Description

Since its inception in the early 1990s, the concept of gene vaccines, particularly DNA vaccines, has enticed researchers across the board due to its simple design, flexible modification, and overall

Since its inception in the early 1990s, the concept of gene vaccines, particularly DNA vaccines, has enticed researchers across the board due to its simple design, flexible modification, and overall inexpensive cost of manufacturing. However, the past three decades have proven to be less fruitful than anticipated as scientists have yet to tackle the issue of inducing a strong enough response in humans and non-human primates to protect against foreign pathogens, an issue that has since been coined as the “simian barrier.” This appears to be a human/primate barrier as protective vaccines have been produced for other mammals. Despite millions of dollars in research along with some of the world’s brightest minds chipping in to resolve this, there has yet to be any truly viable solution to overcoming this barrier. With current research illustrating effective applications of RNA vaccines in humans, these studies may be uncovering the solution to the largely unsolved simian barrier dilemma. If vaccines using RNA, the transcribed version of DNA, are effective in humans, the problem may be inefficient transcription of the DNA. This may be attributable to a DNA promoter that has insufficient activity in primates. Additionally, with DNA vaccines being even cheaper and easier to manufacture than RNA vaccines, along with having no required cold chain for distribution, this concept remains more promising than RNA vaccines that are further along in clinical trials.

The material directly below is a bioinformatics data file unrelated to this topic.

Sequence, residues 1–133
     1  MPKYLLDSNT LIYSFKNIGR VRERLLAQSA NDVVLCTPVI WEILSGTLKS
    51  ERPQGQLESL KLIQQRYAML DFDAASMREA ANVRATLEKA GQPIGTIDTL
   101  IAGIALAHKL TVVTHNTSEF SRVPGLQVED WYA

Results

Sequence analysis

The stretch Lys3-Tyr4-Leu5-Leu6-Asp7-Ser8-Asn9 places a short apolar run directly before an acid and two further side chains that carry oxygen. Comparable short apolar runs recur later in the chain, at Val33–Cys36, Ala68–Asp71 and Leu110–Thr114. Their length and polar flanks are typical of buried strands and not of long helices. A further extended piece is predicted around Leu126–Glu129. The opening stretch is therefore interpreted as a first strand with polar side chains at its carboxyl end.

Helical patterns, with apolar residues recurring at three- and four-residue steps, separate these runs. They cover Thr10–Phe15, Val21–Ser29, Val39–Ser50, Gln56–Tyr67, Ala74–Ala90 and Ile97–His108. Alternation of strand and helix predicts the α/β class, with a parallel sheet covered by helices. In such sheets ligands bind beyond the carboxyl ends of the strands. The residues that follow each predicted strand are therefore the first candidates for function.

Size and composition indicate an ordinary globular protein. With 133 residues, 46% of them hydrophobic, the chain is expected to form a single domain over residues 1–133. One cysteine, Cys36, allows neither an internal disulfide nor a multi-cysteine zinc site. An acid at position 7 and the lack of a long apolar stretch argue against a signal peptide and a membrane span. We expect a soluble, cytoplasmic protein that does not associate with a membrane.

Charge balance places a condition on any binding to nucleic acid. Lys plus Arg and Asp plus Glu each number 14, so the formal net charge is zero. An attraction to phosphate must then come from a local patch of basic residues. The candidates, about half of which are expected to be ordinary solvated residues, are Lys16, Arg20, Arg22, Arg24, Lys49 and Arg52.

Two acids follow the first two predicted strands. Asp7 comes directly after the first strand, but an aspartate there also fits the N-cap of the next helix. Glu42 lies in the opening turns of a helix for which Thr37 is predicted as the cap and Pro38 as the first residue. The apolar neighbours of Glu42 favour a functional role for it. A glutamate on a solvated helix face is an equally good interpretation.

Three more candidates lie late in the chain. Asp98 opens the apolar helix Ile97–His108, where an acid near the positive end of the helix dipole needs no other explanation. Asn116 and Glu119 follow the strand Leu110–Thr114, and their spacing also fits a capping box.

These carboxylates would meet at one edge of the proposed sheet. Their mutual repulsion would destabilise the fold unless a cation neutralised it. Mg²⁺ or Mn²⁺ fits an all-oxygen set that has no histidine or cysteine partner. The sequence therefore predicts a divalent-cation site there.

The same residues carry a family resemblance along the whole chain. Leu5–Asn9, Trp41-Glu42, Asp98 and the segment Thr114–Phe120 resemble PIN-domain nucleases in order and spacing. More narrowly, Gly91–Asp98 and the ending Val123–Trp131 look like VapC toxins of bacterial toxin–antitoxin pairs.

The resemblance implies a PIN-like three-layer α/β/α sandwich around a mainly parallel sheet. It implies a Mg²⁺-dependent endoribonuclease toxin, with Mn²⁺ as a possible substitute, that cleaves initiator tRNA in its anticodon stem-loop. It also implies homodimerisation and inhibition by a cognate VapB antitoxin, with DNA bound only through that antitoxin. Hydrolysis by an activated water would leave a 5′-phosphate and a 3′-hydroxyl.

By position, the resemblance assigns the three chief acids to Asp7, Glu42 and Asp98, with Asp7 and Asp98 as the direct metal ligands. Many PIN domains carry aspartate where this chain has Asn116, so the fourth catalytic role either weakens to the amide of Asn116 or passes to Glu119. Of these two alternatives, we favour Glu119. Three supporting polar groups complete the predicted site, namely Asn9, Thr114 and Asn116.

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Agent

Created

Date Created
  • 2020-12